In this first of our two-part discussion of the Rocky films, we look at the film that began the series almost 50 years ago. There’s a lot about 1976’s Rocky that… isn’t that good. John G. Avildsen’s direction is drab, the story basic, the themes rudimentary – but with that comes a roughness and a sincerity to the whole affair that might be just what makes it work after all. Sylvester Stallone’s Rocky is a physical brute, softened by his unusual – and unusually pretty – features, his inability to avoid trying to befriend any animal that crosses his path, his demeanour that’s at once confident and shy, and his intellectual simplicity. José argues that the boxing is a diversion, a Trojan horse within which to sneak Rocky and Adrian’s love story. And we think about the character of Apollo Creed, his use as a substitute for Muhammad Ali, and why he couldn’t have been white.
Rocky was a phenomenon upon its release, an immediate cultural touchstone that contains images and scenes so iconic that, five decades on, we continue to attach the same emotions to them and draw the same pleasure from recalling them. Well, we say “we”, but, as is typical, Mike has never seen it before. So while José revisits, Mike joins the party for the first time, and we discuss the quality, significance and impact of this iconic film.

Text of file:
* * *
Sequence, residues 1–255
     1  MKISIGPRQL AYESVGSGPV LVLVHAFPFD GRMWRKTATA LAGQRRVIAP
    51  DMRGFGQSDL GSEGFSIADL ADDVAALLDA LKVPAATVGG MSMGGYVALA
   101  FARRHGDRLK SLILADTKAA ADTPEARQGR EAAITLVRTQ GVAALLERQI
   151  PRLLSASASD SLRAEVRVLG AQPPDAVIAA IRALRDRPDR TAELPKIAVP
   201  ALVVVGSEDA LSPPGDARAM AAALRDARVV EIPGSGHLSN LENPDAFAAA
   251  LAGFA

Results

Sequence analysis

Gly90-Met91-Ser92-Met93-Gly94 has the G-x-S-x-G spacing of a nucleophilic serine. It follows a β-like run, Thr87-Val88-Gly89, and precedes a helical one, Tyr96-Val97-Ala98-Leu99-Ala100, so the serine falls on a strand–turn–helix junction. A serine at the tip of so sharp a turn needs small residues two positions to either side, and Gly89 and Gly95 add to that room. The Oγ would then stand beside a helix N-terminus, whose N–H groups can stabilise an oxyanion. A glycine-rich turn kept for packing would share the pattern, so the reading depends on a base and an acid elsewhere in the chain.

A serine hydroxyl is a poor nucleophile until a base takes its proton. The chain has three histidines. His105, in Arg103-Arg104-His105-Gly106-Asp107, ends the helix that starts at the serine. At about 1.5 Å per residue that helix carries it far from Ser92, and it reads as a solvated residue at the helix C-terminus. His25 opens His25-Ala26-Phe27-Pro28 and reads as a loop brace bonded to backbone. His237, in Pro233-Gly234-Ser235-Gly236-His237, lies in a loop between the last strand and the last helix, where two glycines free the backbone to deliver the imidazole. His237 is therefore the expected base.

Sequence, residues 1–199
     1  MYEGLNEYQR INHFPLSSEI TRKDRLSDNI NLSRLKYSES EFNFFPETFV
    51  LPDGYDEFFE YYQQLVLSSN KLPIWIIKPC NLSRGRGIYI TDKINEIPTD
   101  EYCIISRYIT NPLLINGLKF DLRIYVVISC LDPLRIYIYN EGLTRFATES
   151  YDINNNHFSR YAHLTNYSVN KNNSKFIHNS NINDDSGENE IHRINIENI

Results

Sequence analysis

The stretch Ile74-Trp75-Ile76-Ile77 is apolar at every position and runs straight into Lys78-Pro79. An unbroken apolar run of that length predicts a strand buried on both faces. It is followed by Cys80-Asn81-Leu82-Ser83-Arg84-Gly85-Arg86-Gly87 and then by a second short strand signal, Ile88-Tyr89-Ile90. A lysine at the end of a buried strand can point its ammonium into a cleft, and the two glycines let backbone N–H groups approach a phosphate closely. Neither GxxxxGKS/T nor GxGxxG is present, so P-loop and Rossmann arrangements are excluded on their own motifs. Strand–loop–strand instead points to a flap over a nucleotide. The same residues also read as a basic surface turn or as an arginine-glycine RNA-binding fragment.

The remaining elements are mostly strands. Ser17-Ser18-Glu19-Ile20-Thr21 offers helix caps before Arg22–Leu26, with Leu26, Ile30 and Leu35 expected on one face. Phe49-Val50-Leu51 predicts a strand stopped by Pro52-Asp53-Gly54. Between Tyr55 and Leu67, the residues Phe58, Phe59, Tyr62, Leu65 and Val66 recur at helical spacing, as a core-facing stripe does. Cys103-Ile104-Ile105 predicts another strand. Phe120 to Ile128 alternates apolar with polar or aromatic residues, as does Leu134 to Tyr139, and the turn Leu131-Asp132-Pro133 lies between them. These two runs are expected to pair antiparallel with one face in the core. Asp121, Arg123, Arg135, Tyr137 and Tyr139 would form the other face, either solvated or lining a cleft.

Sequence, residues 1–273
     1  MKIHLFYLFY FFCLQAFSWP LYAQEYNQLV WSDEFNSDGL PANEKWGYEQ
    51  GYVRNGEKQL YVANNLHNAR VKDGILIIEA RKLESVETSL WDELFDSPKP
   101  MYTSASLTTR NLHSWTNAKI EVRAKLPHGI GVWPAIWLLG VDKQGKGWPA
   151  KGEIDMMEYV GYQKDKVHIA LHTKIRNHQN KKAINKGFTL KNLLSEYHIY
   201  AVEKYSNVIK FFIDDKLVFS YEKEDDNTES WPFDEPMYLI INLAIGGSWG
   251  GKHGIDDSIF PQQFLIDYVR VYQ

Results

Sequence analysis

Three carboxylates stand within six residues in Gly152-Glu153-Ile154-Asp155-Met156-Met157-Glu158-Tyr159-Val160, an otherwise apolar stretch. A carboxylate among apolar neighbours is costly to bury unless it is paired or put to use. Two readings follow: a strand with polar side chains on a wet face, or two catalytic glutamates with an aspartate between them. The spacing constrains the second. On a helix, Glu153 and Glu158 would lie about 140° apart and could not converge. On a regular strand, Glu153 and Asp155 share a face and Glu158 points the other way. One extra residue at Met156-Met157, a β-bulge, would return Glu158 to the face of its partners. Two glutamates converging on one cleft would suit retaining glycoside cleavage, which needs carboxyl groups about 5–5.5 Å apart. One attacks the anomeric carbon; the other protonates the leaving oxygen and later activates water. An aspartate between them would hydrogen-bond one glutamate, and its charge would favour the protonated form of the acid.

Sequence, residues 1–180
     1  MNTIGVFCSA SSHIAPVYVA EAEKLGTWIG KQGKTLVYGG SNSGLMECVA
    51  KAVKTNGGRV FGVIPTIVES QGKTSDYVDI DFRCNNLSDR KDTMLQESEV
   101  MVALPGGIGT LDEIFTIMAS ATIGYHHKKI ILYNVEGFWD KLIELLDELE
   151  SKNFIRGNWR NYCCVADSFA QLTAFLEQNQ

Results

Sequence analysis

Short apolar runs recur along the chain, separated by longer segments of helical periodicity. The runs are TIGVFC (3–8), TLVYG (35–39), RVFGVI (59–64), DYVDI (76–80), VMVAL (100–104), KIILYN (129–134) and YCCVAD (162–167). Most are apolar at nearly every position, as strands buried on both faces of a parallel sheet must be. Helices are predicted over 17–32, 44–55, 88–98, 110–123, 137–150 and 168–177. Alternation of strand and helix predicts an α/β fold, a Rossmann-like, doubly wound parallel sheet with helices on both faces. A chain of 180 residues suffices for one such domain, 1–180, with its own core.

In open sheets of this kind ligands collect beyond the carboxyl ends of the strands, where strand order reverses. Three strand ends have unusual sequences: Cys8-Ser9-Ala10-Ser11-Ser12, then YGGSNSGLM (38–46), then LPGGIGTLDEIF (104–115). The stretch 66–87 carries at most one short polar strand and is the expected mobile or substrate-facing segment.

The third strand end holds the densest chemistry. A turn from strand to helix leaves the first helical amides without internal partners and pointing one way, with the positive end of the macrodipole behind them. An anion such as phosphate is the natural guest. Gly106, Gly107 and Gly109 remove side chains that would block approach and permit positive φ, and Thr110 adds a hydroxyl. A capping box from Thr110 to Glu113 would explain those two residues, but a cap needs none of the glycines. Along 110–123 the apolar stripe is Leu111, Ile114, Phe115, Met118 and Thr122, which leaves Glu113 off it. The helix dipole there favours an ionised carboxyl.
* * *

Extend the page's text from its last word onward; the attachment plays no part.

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An extraordinary, near-Shakespearian meditation on misdirected rage, guilt and grief, deeply marred by clumsy lunging into a loud theme of racism and a strong sense that the film neither knows nor especially cares about the culture it’s portraying. Frances McDormand excels as the bullish, bellicose, foul-mouthed mother, but the film suffers as it shifts its focus to Sam Rockwell’s stereotypical racist hick. The central premise is brilliant; its treatment is ultimately uneven, and although there are elements we absolutely adore, we can’t get its lurches between tones out of our heads.
Do Americans have a case against the use of foreigners in their cinema? Language is one of the glories of this film yet we find there are considerable misjudgments with language in relation to gender and race. We can’t find enough superlatives for Frances McDormand yet we question why all the other women in the film seem to look 19, even when they’re meant to be married to Woody Harrelson. The film is very conscientious about its representation of race, yet comes across as rather racist. A tonally deaf film with some great moments.
Rewarding to watch, though, and it would benefit from a second viewing.
Recorded on 18th January 2018.
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